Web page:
Amendment No. 2 would exempt the surviving spouses of first responders who died while on duty from property taxes on the home of the deceased. It closes a hole in the law that was approved overwhelmingly by the Legislature and by voters last fall.

The amendment adds emergency medical responders, technicians, paramedics and volunteer firefighters.

“The whole idea is to help them get back on their feet after their spouse died in the line of duty,” Rep. Ray Garofalo Jr., R-Chalmette, told his colleagues during debate. “It’s a very noble idea.”

Legislators agreed and nobody voted against putting the measure on the Oct. 14 ballot.

“The effect on the homestead property tax base may be relatively small, but the bill can only result in a reduction of that tax base,” the Legislative Fiscal Office wrote.

What happens when property taxes are forgiven for some is that local governments redistribute the burden on the remaining taxpayers.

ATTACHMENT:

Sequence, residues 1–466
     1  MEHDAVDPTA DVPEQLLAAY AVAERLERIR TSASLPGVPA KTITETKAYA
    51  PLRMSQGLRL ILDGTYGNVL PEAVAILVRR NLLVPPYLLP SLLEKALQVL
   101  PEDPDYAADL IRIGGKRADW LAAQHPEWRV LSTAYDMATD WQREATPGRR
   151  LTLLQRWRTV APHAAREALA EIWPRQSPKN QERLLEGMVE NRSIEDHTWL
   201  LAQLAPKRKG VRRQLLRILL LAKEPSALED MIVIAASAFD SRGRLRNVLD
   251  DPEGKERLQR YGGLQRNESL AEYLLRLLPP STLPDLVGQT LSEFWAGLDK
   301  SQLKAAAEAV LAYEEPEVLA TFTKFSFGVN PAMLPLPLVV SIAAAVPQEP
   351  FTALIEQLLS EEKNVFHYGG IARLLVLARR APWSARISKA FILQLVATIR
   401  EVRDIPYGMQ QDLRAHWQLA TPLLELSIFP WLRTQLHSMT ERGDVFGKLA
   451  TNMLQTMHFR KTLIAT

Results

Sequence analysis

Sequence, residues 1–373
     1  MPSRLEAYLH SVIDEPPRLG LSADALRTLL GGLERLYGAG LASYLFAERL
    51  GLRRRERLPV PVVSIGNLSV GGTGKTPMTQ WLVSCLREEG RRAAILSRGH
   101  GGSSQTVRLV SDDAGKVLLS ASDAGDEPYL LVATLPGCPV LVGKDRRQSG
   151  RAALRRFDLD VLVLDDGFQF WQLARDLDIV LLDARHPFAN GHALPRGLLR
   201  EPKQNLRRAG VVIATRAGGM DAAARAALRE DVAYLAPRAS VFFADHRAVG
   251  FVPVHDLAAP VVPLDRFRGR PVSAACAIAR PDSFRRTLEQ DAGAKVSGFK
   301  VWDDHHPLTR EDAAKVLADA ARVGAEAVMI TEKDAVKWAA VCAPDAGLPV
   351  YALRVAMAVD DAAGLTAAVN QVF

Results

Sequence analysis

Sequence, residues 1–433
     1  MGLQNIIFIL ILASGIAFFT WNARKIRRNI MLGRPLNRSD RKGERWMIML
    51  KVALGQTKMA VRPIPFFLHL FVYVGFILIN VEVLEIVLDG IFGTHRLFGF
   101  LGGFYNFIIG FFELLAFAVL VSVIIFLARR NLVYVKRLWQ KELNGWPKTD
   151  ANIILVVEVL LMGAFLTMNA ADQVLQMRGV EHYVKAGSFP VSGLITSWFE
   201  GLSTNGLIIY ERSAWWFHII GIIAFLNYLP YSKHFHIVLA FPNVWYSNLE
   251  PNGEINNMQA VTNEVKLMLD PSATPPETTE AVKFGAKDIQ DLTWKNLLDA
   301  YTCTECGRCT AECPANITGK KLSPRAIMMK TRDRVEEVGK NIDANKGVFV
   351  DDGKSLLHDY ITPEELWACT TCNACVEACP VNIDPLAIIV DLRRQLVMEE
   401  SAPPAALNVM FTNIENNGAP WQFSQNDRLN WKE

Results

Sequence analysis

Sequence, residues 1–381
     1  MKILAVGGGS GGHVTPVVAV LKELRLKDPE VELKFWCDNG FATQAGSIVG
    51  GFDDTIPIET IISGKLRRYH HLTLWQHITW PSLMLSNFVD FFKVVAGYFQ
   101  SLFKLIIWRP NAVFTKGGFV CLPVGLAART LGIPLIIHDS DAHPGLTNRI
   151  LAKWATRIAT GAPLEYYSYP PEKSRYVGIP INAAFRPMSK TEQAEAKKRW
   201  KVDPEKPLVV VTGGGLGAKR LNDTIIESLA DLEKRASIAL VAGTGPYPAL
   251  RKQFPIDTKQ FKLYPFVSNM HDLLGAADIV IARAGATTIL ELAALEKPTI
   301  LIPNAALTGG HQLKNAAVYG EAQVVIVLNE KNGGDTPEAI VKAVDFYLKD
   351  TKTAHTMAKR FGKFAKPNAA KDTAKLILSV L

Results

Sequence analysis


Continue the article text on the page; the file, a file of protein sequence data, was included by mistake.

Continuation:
CABL raised that issue in deciding not to take a position on this amendment. While first responders deserve special consideration, this exemption, like all tax breaks, leads to higher rates for those who do not qualify. “It should be noted that as we continue to add more exemptions to our tax laws, the costs to other taxpayers do begin to add up,” CABL wrote.

Amendment No. 3: Establish a “Construction Subfund” of the Transportation Trust Fund.

Voters are being asked to decide a measure that links any future hike in the state gas tax to a fund dedicated to nothing but construction of road and bridge projects.

Amendment No. 3 was part of efforts to increase the state’s tax on gas at the pump. Supporters, including the business community, said more money was needed to maintain roads and chop away at a $12 billion backlog of projects that have been deferred over the years because of a lack of money.